IT workers have been under economic seige since 2008, but it looks a bit more hopeful for 2012, at least for those who already have jobs.
The Computer Economics 2012 IT Salary Report has found that that IT organizations are planning to hand out average raises of 2.8% this year–not a windfall, but certainly a step in the right direction. Organizations at the 75th percentile are budgeting for only a 3.0% wage increase for employees. According to CE, however, that lags well behind the 3.4% rise in the Consumer Price Index for the 12-month period through November 2011.
But let’s hang on for a minute. The last time I checked (about 2 minutes ago), the U.S. unemployment rate was still 8.3 percent, according to a government that wants to report this figure as low as possible. However, the American Enterprise Institute (AEI) suggests that a better measure of the real jobless rate -the U-6 – stands at 15.6 percent, according to International Business Times. “The AEI’s rate includes those individuals who would like a job and have been looking for employment for the last twelve months and not just the last four weeks. The agency believes therefore the number of Americans hurt by the bad economy is almost twice what the official number would suggest,” says this source.
So if you not only have a job, but you’re going to get an (admittedly modest) increase, do you really have a lot to complain about? I wonder what the folks who have been tossed out on their assets over the past four years would say. My bet is that they would change places with you in a heartbeat.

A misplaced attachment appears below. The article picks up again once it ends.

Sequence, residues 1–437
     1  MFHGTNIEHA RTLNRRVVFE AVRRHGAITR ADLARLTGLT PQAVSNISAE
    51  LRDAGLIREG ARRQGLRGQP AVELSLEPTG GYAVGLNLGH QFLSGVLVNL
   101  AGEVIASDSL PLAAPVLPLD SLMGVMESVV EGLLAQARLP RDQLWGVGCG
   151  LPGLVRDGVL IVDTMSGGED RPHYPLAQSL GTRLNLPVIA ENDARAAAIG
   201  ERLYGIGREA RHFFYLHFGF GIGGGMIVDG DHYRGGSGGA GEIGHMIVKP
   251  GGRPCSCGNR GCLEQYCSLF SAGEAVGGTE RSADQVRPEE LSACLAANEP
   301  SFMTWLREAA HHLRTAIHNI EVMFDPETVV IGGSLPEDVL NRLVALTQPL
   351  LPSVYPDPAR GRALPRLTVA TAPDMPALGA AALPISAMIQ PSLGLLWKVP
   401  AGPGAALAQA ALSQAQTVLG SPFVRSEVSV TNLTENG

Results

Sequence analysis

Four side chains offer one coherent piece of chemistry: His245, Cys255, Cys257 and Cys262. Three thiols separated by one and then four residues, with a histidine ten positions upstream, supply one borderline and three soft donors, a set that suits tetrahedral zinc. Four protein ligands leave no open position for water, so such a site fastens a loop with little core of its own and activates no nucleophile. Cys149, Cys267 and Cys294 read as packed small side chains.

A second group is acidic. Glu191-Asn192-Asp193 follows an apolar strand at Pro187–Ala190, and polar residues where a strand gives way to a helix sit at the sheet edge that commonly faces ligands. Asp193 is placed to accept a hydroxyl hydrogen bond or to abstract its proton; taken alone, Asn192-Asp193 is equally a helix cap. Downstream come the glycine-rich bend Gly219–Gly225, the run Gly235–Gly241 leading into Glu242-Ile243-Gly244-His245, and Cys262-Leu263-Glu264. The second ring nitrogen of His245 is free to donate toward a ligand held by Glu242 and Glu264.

CE adds that, “On a positive note, most IT workers will get some measure of increase: even organizations at the 25th percentile are increasing salaries for existing employees by 1.8%, which is an improvement over the no-raise policy that prevailed last year in the bottom quartile. Still, typical raises planned for 2012 are somewhat compressed across all quartiles and show little variation by job function or level.”
I certainly hope no one is whining about this. Plenty of talented and hard working Americans have seen their jobs vanish or travel overseas, and despite what the current Administraton would like to tell you (in order to be re-elected), the economy still stinks like month-old Limburger Cheese.
In fact, CE notes that “our research indicates hiring by IT organizations across all sectors will remain weak in 2012, especially among large organizations.” Wouldn’t it be great if some of that extra IT dough could be used to hire back some displaced IT workers? Crazy, I know.